As you navigate around the article’s source code repo change into the “command_line” folder. Enter this command “node fizzbuzz.js” and read its helpful hint on how to invoke the program. It expects a single argument.
Try running it again like this “node fizzbuzz.js 50” and you’ll see text output as the logic churns through the number of iterations you ask for.
See how the RunWithParams() function directs that activity
Cool, right? Read through this program to learn more. Create your own command-line utilities to automate tasks. Drudgery is the death of creativity and that’s a human being’s primary value-add. Robots, on the other hand, thrive on orderly routine. Make little software robots to be your assistants.
- Functions tend to move into the global namespace and look like spaghetti but we want code to be rational and professional
- There is a this and it’s rarely a reference to the memory that you want it to be – particularly on callback context
- It has a notion of class, but objects are prototypal in nature, which totally works, but doesn’t track with most software experience
- It’s a C-style language, but has risky block-scope variable declaration because they’re hoisted to the top of their function
After a while I get used to these things and have design patterns that work around them, and sometimes leverage them.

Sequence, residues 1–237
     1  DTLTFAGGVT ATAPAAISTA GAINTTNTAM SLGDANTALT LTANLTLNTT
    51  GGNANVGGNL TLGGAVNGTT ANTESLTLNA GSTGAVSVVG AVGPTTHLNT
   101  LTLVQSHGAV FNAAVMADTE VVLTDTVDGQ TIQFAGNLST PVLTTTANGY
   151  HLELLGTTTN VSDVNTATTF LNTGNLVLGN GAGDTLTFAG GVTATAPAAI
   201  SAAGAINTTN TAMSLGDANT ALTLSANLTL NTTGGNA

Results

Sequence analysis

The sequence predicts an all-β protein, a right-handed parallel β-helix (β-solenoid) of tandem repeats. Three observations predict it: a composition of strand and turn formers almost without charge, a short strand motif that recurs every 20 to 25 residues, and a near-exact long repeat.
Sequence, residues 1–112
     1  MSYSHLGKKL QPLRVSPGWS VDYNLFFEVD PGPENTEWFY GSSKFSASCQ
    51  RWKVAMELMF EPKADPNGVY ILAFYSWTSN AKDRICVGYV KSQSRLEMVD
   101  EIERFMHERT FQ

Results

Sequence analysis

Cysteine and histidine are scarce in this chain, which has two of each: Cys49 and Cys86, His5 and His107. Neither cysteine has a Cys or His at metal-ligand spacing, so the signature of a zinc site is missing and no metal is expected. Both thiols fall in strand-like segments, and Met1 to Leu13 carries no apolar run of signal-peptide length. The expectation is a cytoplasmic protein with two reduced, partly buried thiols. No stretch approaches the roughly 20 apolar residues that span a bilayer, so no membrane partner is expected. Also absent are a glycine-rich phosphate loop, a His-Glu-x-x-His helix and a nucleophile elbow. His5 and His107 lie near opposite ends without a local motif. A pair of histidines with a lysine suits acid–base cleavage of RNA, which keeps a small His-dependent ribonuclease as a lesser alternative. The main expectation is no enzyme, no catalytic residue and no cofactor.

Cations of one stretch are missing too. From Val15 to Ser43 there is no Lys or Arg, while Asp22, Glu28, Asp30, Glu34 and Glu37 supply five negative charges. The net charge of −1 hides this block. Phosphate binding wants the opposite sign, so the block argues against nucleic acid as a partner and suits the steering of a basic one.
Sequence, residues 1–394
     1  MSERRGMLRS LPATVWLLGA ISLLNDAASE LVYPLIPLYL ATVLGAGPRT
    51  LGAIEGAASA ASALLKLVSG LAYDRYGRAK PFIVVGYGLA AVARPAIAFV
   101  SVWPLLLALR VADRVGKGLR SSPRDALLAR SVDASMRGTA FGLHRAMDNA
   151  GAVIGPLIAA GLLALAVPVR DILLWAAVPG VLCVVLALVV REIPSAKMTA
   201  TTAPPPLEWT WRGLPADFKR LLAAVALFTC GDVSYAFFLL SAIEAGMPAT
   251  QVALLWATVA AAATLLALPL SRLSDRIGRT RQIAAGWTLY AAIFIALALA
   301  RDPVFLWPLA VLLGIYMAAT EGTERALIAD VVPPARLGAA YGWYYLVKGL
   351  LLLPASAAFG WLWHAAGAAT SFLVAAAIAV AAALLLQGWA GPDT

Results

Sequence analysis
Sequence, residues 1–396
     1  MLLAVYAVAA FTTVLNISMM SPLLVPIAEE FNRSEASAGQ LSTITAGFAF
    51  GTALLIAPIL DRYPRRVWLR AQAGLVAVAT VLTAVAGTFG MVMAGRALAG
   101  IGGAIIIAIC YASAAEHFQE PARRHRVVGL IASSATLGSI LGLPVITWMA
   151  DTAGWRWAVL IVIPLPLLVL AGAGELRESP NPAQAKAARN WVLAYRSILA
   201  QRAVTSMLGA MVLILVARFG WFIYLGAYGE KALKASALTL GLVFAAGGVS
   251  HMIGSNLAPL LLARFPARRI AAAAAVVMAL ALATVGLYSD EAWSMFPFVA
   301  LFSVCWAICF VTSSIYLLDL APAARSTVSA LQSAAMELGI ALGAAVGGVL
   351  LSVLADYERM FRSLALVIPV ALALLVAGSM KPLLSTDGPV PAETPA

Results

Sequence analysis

Recognize there are some changes happening to this language. It’s evolved greatly in its years of service, and it’s about to receive it’s most significant change to date.
Digesting that specification could take up the remainder of your year. Check out this site instead because it wonderfully summarizes key upgrades to the JS language.
It’s probably best if you choose a new feature that’s appealing and dive headlong into it. Then grab another, and another, until you’ve learned everything new listed in ES6.
Google Chrome and Safari webkit have similar status pages. Find links to them in your favorite search engine when you’re ready to learn more.
What about specified features that aren’t in a browser yet? How can you learn firsthand about those? Transpilers convert a program in one language into another. BableJS makes it possible to turn ES6 into ES5. You can try tomorrow’s language today. Any of the language’s new features that aren’t covered in a forward-thinking browser might be available by way of this conversion tool.
- 2013 => ASM.JS: Optimized for speed, memory management, and pre-compiled.
- 2012 => TypeScript: Adds static typing, other classical OOP constructs
- 2011 => NPM: NodeJS module package manager
- 2011 => Dart: Types, traditional-looking classes, support libraries
- 2009 => CoffeeScript: lightweight syntax, new function declarations, class syntax
- 2008 => V8: Google’s open-source JS engine, compiles to machine code, iterative optimization, during runtime
You Can Learn It
People new to programming, who are dedicated to learning, will find a class organized by Khan Academy. It’s structured in a way that brings you to the discipline of building software. It could be slow going, but have heart, and concentrate on the coursework. It’s a tough job, but it’s worthy work.
You may enjoy my book if you learned from this article. It’s called Responsive Web Design Toolkit: Hammering Websites Into Shape. Get it on Amazon today!